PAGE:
At 91, Stan Lee is what you might call a superhero emeritus. His epic adventures are mostly behind him and his powers are on the wane. (He can’t hear or see so well, and a pacemaker regulates his heart.) But the comic-book writer who dreamed up Spider-Man, the X-Men, the Hulk, Iron Man and the Fantastic Four still works five days a week, travels wherever convention geeks gather and tops each autograph with his trademark “Excelsior!”
The son of poor Jewish immigrants from Romania, Stanley Martin Lieber (he later shortened it legally) never became the novelist he aspired to be while growing up on New York’s Upper West Side. But fantasizing about radioactive arachnids, magnetic force fields and vixens such as Black Widow gave him a great living and a legacy that will outlive us all.
In 1939 Lee’s uncle helped get him an assistant’s job at Timely Comics, a company the boss, Martin Goodman (a relative of Lee’s), later renamed Marvel. Showing early promise providing text for Captain America, Lee was installed as a Marvel editor at the age of 18, an “interim” gig he ended up keeping until 1972. For much of that time Lee plodded away in the Marvel writers’ bullpen to the point of burnout. Only after his wife, Joan, a British former model, pushed him to create characters “the way you’ve always wanted to” did Lee’s career take off.
Between 1961 and 1965, in one of pop culture’s most remarkable creative bursts, Lee, working with freelance artists including Jack Kirby and Steve Ditko, created the key characters in what became known as the Marvel Revolution. (Kirby’s estate would later sue for pieces of that action.) Superheroes were no longer two-dimensional goody-goodies but quirky, angst-ridden and flawed. The Fantastic Four bickered. The Hulk and the X-Men struggled with their alter egos. Even Spider-Man, a character who came to Lee—or so the story goes—as he observed a fly walking up a wall, was a wreck inside.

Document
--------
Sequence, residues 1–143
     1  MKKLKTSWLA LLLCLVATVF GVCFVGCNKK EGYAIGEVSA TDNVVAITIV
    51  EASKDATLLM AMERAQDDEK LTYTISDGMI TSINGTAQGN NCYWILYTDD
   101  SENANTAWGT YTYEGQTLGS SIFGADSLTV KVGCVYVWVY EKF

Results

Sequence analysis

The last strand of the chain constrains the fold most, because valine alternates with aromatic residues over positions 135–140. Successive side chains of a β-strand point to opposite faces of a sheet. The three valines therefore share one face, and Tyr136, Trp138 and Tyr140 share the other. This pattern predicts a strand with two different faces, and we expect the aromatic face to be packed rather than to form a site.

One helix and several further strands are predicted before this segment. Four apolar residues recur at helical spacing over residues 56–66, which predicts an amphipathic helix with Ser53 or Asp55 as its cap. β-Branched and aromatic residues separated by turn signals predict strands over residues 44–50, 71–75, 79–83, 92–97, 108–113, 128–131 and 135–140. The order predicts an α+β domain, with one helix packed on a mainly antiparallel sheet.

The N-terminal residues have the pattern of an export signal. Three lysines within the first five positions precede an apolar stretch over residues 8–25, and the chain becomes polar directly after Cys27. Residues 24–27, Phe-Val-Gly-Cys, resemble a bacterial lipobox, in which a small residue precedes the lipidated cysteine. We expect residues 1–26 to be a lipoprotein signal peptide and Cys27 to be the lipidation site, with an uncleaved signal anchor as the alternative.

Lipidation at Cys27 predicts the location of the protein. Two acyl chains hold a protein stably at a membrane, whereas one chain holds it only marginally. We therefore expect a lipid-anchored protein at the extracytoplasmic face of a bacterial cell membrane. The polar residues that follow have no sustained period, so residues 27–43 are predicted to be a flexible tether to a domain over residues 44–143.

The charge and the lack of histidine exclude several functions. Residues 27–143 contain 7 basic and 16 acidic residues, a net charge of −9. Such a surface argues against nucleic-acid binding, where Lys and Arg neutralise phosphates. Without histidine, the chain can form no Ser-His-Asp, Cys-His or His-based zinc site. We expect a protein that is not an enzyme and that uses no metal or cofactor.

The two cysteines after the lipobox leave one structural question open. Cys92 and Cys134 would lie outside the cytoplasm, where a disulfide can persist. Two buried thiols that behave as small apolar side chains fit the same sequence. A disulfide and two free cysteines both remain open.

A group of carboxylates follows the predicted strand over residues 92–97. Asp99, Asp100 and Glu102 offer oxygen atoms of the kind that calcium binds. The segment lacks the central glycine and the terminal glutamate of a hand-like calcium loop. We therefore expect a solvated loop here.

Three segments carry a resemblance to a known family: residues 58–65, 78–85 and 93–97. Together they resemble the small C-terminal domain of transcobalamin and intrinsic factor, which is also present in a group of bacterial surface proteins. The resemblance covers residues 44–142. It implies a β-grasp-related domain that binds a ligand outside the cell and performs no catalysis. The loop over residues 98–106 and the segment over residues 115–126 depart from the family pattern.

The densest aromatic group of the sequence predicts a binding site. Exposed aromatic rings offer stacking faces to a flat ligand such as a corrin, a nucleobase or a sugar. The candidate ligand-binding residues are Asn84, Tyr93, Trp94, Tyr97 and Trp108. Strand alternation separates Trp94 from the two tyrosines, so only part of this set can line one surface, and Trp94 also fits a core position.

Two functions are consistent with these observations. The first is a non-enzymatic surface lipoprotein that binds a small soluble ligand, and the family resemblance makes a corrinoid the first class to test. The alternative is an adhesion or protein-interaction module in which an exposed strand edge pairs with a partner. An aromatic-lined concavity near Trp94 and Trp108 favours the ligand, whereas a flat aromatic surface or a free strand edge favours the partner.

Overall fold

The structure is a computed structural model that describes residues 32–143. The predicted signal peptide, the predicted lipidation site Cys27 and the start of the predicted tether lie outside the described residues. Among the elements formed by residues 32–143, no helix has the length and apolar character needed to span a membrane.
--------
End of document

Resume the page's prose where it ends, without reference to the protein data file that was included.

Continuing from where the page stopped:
Today Lee’s creations are enjoying their widest audiences ever. After declaring bankruptcy in 1996, Marvel powered back with blockbuster movies, digital entertainment and, yes, more comic books. Disney acquired the company for $4.2 billion in 2009, though, surprisingly, Lee didn’t see a dime of that. By then he had formed his own company, POW! Entertainment. But he will always be Mr. Marvel.
Contributing Editor David Hochman, who last interviewed Sean Hannity, spent a couple of days with Lee at his Beverly Hills offices. “Stan has the sandpaper growl of a bygone era, but he’s remarkably sharp, plugged in and quick with a comeback. We should all be as cool as Stan Lee at his age.”
LEE: So Playboy wants to know all about my sex life?
PLAYBOY: If that’s where you would like to begin.
LEE: It’s interesting. Years and years ago the magazine was considering doing one of these interviews with me, but I guess it wasn’t the time. One of your editors said, “We know Stan Lee. We love Stan Lee. Stan Lee is a friend of Hef’s. But Spider-Man is more famous than Stan is.” Does this mean I’m finally bigger than Spider-Man?
PLAYBOY: The case can certainly be made. The characters you created decades ago dominate pop culture. Iron Man 3 was the highest-grossing film in 2013. Marvel’s The Avengers was 2012’s biggest. X-Men: Days of Future Past could easily rule 2014. Not to mention TV, publishing, merchandising and gaming. How do you account for the continued success of these vintage superheroes?